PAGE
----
One of the most important concepts in evaluating disability claims is Residual Functional Capacity (RFC).
The code of federal regulations describe residual functional capacity as follows:
Your residual functional capacity is the most you can still do despite your limitations.” 20 CFR 404.1545; 20 CFR 416.945.
What exactly does this mean?
Residual Functional Capacity is an evaluation of your remaining ability to do things (work) after taking into account all of the limitations your severe medical conditions cause you.
Think of it as “How much can you do & for how long?”. SSA will look at how your medical condition(s) has affected your ability to:
- Exert yourself physically for various work-related activities (such as sitting, standing, walking, lifting, carrying, pushing, pulling).
- Do manipulative and postural activities (such as reaching, handling large objects, using your fingers, feeling, stooping, balancing, climbing stairs or ladders, kneeling, crouching, crawling).
- Tolerate certain environmental conditions (such as temperature extremes, wetness, humidity, noise, hazardous working conditions like moving machinery or heights, dust, fumes, odors, gases, poor ventilation, vibrations).
- See, hear, and speak.
- Maintain concentration and attention at work.
- Understand, remember and carry out instructions.
- Respond appropriately to supervisors, co-workers, and usual work situations.
- Cope with changes in the work setting.
For example, let’s assume you have chronic back pain and take medications for treatment. Your doctor has told you that the most you can lift is 20 pounds occasionally and less than 10 pounds frequently. Assume further, that as a result of the medication you take to treat your back pain, that you experience drowsiness, fatigue and should not operate heavy machinery. You also cannot sit for longer than 1 hour at a time or stand for longer than 30 minutes before you need to rest.
Knowing these limitations, what can you do? You can lift 20 pounds occasionally and 10 pounds frequently. You can sit for up to 1 hour and stand for up to 30 minutes. Can you do anything else? Are you limited in other ways?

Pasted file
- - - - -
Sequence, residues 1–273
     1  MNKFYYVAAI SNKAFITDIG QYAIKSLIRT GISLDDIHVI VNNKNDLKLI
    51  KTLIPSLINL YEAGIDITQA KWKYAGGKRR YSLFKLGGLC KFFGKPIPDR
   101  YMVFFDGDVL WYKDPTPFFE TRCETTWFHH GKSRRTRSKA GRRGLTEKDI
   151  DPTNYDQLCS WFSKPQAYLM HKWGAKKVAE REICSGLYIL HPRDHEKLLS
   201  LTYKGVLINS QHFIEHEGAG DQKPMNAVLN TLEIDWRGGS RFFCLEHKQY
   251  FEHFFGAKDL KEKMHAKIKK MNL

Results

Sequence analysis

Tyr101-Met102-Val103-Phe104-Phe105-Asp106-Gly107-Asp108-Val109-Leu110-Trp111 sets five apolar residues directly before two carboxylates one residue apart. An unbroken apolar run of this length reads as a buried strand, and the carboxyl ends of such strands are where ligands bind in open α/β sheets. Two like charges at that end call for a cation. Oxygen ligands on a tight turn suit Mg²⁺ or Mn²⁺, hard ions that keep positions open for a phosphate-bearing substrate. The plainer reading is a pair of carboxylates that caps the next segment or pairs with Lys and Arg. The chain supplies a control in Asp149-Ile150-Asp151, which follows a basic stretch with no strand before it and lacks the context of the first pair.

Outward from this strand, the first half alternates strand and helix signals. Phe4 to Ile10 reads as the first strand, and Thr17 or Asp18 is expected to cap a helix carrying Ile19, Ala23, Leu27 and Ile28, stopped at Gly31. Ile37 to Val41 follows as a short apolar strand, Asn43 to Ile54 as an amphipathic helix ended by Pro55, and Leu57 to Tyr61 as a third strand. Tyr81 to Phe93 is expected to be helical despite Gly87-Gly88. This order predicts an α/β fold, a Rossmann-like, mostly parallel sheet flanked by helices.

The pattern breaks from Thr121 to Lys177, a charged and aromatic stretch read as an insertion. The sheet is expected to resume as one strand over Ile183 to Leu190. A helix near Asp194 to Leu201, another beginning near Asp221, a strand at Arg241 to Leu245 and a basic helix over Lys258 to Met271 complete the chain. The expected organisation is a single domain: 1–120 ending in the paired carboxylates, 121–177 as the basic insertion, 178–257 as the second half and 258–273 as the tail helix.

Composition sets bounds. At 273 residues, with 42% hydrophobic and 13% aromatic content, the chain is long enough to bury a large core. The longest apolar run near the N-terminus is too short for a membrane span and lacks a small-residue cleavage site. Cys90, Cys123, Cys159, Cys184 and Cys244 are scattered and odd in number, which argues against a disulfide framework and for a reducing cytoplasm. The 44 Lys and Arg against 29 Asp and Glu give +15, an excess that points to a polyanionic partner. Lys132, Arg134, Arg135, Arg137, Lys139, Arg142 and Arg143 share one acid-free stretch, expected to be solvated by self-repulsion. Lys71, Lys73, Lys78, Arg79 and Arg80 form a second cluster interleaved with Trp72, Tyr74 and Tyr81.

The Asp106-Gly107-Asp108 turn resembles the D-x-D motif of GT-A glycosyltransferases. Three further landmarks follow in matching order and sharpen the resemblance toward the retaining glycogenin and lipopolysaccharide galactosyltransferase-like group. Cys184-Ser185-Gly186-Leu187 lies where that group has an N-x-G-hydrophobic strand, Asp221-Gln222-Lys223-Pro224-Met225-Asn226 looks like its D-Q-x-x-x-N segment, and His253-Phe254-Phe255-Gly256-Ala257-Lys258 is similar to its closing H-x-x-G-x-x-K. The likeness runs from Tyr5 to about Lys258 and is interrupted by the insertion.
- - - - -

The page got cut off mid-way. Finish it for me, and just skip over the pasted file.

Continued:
There are a number of other factors that should go into your RFC, but these are not always clearly explained in the medical records. When these other factors are not clearly explained in your medical records, Social Security may find that you can perform these tasks. Some factors that should be considered are: ability to twist, bend, stoop, reach, grasp, handle/finger, kneel, crawl, and climb.
Additionally, other non-exertional factors can play a role in establishing your RFC as well. These factors can include things such as: ability to follow directions, maintain concentration, pace and persistence, ability to get along with co-workers, reliability (do you show up), and a host of other issues.
Your overall residual functional capacity is your remaining physical and mental ability after taking into account your physical and mental limitations.
Often times, the medical records that I review do not discuss a number of factors essential to a proper determination of your RFC. The reason is that many of these factors are irrelevant to a doctor’s actual treatment of your medical condition. However, they are important for Social Security Disability claims because SSA’s determination is focused on your functional ability – not your medical history.
Social Security defines RFC as sedentary, light, medium, or heavy. If you do not meet a listing, your RFC needs to be at a certain level to qualify you for social security disability benefits. Your RFC needs to prevent you from performing your past relevant work and all other types of work that exist in significant numbers. The specific RFC needed to show that you cannot perform your past relevant work or other types of work is dependent on you age, education, training, and past work history.
A thorough understanding of all of the factors that go into a RFC determination is important if you want to have the best chance of success with your SSDI claim. As a Greater Houma SSDI attorney I can help you understand the RFC you will have to prove in order to give your disability case the best chance of success.